Observations could warn of threats to ecosystems on which humans depend
Humans tend to monitor what they think is important—blood pressure, batting averages, hurricane tracks, Internet bandwidth, voting results, and stock prices, among other phenomena.
But, say a team of ocean experts, sometimes we don’t know what’s important until it’s too late, and that ignorance can come back to bite us. Their article in the new issue of BioScience calls for establishment of a national network to monitor the diversity of marine life, a key bellwether of ocean and human health.
The article’s lead author, Professor J. Emmett Duffy of the Virginia Institute of Marine Science, says, “We depend on ocean life for food, livelihoods, and half the oxygen we breathe—no matter how far inland we live. We know the ocean is sick and getting sicker but we don’t even have a finger on the pulse, so to speak, so we’re not sure how bad it is or how to cure it. Our paper offers a plan for regular check-ups to keep sea life healthy”
A comprehensive marine biodiversity observation network could be established with modest funding within five years, say Duffy and his co-authors—from the Marine Biological Laboratory in Woods Hole, Massachusetts, the University of Kansas, the Florida Museum of Natural History, the University of Rhode Island’s Graduate School of Oceanography, the Woods Hole Oceanographic Institution, and the University of California Davis.
To be most effective, the authors say, such a network would monitor biodiversity at all biological levels, from microscopic genes to regional ecosystems. It would also link observations of biodiversity to the physical factors controlling sea life such as water temperature and water quality, and be flexible enough to detect and track emerging issues as environmental conditions change.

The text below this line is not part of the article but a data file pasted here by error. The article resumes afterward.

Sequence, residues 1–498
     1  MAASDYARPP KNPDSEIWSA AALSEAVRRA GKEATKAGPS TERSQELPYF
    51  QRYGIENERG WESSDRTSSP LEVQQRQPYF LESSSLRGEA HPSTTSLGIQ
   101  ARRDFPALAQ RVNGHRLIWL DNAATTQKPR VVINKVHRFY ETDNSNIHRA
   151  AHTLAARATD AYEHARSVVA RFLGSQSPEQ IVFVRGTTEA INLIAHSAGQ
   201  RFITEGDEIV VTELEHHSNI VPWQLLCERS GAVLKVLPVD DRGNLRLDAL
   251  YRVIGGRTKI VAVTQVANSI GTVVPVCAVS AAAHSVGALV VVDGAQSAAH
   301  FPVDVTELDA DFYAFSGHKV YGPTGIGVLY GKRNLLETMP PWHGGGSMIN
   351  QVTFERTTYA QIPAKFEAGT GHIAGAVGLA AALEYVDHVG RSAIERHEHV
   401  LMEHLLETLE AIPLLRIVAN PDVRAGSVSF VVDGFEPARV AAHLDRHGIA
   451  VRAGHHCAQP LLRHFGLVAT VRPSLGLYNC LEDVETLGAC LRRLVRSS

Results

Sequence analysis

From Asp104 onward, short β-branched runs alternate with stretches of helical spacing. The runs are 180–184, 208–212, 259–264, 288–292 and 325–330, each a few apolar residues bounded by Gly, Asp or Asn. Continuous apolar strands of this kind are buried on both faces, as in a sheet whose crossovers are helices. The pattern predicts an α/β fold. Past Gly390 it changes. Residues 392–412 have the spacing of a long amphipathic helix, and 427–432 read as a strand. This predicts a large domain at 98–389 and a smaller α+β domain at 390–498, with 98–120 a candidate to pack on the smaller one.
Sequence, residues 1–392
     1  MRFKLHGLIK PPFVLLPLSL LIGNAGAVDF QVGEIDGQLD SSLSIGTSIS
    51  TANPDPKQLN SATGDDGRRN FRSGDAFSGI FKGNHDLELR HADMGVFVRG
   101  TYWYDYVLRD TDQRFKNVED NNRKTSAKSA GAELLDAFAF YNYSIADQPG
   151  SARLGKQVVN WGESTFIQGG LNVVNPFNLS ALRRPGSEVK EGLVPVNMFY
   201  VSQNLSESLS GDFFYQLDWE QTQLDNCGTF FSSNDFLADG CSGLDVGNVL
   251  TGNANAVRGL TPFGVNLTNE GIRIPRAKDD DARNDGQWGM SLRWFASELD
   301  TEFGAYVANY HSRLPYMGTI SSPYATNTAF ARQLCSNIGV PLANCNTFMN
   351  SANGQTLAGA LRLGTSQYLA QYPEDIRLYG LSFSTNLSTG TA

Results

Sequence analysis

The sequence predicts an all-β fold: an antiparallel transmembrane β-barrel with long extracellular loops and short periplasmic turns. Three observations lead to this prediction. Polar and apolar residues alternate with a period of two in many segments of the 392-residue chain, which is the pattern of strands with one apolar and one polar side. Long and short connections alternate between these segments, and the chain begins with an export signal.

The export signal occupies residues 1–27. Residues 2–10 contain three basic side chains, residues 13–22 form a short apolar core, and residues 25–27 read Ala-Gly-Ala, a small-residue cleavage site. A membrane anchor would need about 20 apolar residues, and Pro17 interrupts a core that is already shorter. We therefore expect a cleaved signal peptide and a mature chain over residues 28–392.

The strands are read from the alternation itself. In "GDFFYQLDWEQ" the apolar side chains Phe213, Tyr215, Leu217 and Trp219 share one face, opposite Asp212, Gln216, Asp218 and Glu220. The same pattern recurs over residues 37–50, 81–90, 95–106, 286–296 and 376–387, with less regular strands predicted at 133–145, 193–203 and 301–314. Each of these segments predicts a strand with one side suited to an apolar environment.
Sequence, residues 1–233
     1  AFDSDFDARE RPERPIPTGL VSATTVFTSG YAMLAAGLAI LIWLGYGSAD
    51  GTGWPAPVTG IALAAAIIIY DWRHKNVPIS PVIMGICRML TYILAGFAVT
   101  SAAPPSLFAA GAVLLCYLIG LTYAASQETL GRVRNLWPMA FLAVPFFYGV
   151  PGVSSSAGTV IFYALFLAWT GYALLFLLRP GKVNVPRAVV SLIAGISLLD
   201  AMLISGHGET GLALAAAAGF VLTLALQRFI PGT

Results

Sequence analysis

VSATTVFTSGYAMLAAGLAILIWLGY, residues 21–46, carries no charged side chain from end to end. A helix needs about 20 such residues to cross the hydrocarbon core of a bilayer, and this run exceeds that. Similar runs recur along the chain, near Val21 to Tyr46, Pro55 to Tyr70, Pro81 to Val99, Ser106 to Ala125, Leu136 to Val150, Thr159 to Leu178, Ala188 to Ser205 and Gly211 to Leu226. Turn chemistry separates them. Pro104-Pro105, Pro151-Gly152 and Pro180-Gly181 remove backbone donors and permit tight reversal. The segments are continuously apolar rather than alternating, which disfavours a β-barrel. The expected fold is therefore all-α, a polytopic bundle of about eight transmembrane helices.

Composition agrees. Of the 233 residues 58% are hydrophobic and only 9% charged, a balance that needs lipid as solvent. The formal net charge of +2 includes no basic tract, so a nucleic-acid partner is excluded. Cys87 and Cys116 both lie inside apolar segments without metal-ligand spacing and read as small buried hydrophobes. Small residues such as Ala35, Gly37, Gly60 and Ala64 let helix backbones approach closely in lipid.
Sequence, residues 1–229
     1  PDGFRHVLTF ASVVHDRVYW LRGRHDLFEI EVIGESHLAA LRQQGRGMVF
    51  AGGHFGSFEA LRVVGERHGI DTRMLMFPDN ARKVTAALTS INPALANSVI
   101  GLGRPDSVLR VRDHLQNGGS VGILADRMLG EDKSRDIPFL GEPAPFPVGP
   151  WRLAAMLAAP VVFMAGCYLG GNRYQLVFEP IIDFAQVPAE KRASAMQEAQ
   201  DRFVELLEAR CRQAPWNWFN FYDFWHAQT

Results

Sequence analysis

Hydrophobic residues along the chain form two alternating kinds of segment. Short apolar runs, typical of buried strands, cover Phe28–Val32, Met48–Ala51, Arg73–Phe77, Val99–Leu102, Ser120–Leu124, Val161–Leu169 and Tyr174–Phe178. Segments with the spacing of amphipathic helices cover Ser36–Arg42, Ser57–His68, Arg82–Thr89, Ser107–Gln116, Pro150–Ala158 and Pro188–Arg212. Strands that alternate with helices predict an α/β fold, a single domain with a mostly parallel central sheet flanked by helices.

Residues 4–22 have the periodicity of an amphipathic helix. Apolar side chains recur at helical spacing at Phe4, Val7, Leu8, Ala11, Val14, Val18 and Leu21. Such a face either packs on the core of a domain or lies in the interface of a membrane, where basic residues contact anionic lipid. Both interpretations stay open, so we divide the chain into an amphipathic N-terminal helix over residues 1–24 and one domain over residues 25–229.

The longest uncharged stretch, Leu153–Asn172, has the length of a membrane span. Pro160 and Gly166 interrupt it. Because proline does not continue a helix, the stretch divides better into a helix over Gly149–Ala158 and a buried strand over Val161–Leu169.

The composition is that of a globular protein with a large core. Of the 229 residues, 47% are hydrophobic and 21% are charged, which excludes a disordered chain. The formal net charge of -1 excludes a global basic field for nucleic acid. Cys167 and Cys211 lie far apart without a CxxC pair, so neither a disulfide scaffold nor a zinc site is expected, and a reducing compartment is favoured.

The authors also stress that an observing network for marine biodiversity should be “designed by nature, not people.” Says Duffy, “The location of the network’s individual sites should be based on where organisms live, and on factors like water temperature and currents, rather than on political boundaries. That will ensure that insights into biodiversity change and its causes are environmentally relevant.”
They envision a network with sites along both the East and West coasts of the United States, with other nodes focusing on the deep sea and coral reefs. A U.S. network would complement regional efforts already underway in the European Union, New Zealand, and elsewhere, and could incorporate technology and lessons learned from existing “ocean observing systems” that focus on measurements of physical factors such as water temperature, wave height, current speed and direction, salinity, and oxygen levels.
The technology for a marine biodiversity observation network already exists in the form of high-tech gear such as AUVs (autonomous underwater vehicles), ROVs (remotely operated vehicles), ocean drifters, and monitoring buoys. These would complement and extend ship- and shore-based research efforts, both by academic researchers and a cadre of citizen scientists.
“Developing human resources is as important as technical innovation in creating a successful network,” the authors write. “To maximize participation and accessibility, [the network] should . . . result in products that are widely usable. Creative use of citizen science could also broaden support, engage the public, and reduce costs.” Collected data—whether from new observations or historical research—would be made readily accessible online, allowing for analysis of current conditions and long-term trends.
“A comprehensive network to monitor marine biodiversity is not pie in the sky—or sea,” says Duffy. “We can start right now by building on existing infrastructure, networks, and technology, and then gradually expand. We already have the technology; the challenges are to coordinate existing efforts into a proactive and flexible approach of adaptive monitoring. That will save money, and potentially property and lives, by anticipating hazards resulting from a changing ocean.”